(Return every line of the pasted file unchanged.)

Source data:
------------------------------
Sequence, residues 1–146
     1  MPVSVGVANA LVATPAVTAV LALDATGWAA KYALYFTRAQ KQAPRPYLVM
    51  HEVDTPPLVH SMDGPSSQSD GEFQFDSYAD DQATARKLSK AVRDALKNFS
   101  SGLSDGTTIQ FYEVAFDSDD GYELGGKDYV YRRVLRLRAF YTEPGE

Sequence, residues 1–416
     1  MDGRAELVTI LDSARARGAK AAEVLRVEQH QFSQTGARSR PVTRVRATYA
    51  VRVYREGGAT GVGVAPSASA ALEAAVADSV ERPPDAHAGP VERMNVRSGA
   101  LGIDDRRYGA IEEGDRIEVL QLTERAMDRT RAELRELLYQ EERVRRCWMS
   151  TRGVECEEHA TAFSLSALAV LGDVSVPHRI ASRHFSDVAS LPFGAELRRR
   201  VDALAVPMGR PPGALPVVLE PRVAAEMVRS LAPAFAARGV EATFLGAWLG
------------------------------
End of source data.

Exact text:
Sequence, residues 1–146
     1  MPVSVGVANA LVATPAVTAV LALDATGWAA KYALYFTRAQ KQAPRPYLVM
    51  HEVDTPPLVH SMDGPSSQSD GEFQFDSYAD DQATARKLSK AVRDALKNFS
   101  SGLSDGTTIQ FYEVAFDSDD GYELGGKDYV YRRVLRLRAF YTEPGE

Sequence, residues 1–416
     1  MDGRAELVTI LDSARARGAK AAEVLRVEQH QFSQTGARSR PVTRVRATYA
    51  VRVYREGGAT GVGVAPSASA ALEAAVADSV ERPPDAHAGP VERMNVRSGA
   101  LGIDDRRYGA IEEGDRIEVL QLTERAMDRT RAELRELLYQ EERVRRCWMS
   151  TRGVECEEHA TAFSLSALAV LGDVSVPHRI ASRHFSDVAS LPFGAELRRR
   201  VDALAVPMGR PPGALPVVLE PRVAAEMVRS LAPAFAARGV EATFLGAWLG